>> "washington journal" continues. host: well, our summer "washington journal" series continues this week as we take a look at the financial regulations bill that is just becoming law. quick look at the week ahead. tomorrow is a conversation about this law and its impact on banks. wednesday, the focus will be on consumers. thursday, changes for investors. friday we wrap up this series with a look at which provisions will be aimed to prevent a financial crisis. of course, today, financial regulation and the control of the government. joining us is phil mattingly from bloomberg news. why don't you explain of how will the federal government grow as a result of this bill? guest: it's going to expand a lot. for the last decade, two decades, there's really been kind of an era of deregulation in the financial markets and financial regulation. there's been an effort to roll back some of the strictest great depression era regulations. i think on the heels of the financial crisis of 2008.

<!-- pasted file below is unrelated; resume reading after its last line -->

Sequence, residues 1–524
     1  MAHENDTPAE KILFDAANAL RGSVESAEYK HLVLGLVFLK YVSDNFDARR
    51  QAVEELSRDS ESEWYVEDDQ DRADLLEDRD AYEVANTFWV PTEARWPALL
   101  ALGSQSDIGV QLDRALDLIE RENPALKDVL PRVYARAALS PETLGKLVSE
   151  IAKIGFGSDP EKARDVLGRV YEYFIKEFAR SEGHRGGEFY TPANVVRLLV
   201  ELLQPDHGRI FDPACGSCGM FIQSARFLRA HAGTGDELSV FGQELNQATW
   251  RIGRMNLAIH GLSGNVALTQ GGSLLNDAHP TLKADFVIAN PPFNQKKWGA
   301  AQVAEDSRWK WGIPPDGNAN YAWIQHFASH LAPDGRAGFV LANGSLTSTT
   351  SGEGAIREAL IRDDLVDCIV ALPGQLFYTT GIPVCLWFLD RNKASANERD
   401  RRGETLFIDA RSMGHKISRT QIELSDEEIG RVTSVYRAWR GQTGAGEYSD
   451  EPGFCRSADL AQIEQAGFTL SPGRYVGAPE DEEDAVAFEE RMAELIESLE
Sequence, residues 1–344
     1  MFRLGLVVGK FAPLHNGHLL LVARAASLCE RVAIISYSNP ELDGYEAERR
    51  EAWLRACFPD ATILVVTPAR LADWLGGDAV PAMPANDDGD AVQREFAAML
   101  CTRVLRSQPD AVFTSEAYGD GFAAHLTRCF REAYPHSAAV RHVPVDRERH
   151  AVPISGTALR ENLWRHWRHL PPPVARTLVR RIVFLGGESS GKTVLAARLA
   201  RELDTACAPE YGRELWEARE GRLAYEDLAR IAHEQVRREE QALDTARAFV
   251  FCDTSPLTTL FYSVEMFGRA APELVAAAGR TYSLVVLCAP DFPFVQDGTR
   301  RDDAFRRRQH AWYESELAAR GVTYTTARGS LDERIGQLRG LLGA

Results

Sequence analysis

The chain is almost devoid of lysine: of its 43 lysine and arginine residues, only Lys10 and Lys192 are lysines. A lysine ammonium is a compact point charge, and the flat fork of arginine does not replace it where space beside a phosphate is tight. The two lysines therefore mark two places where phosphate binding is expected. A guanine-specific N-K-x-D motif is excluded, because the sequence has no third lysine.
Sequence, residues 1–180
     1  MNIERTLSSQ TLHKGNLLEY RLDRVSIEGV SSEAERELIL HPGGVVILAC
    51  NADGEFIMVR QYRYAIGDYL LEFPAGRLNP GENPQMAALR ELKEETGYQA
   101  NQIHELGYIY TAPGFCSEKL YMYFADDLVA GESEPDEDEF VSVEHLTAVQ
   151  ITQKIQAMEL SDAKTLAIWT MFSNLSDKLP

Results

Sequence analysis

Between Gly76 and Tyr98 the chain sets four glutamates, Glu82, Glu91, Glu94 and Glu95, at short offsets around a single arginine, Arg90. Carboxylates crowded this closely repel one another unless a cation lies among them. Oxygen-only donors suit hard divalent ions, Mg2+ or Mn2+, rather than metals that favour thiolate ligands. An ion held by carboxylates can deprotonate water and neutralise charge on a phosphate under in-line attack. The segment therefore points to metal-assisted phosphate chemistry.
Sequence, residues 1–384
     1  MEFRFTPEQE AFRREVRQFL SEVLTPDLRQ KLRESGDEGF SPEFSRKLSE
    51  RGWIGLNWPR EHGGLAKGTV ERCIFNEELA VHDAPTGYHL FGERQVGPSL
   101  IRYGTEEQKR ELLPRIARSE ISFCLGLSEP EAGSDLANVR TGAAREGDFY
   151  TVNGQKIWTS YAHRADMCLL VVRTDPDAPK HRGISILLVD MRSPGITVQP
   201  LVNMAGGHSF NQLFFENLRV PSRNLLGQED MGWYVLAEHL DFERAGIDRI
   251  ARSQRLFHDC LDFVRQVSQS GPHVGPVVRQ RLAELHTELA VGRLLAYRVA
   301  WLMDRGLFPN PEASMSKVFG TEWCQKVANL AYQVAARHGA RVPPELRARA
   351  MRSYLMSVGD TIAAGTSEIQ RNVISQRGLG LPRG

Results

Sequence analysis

what you're seeing now is a certain boost. federal agencies throughout the area are getting significantly more power. the treasury department, the federal reserve, the fdic, those folks are really getting a significant amount of area now to kind of oversee our financial market to try and prevent what happened in 2008. host: so there's control, there's power. we'll get to that as far as new agencies or new entities that's part of the bowl bill, what's coming? guest: there's one that's been the hot point of the debate. certainly through the time in congress and now as we look into the establishment of the consumer financial protection bureau, it will be housed within the federal reserve. it really doesn't have much to do with the fed. it will be its own independent agency. a $500 billion budget. large budget. it's oin independent director. i think the point there, the goal there is to try to look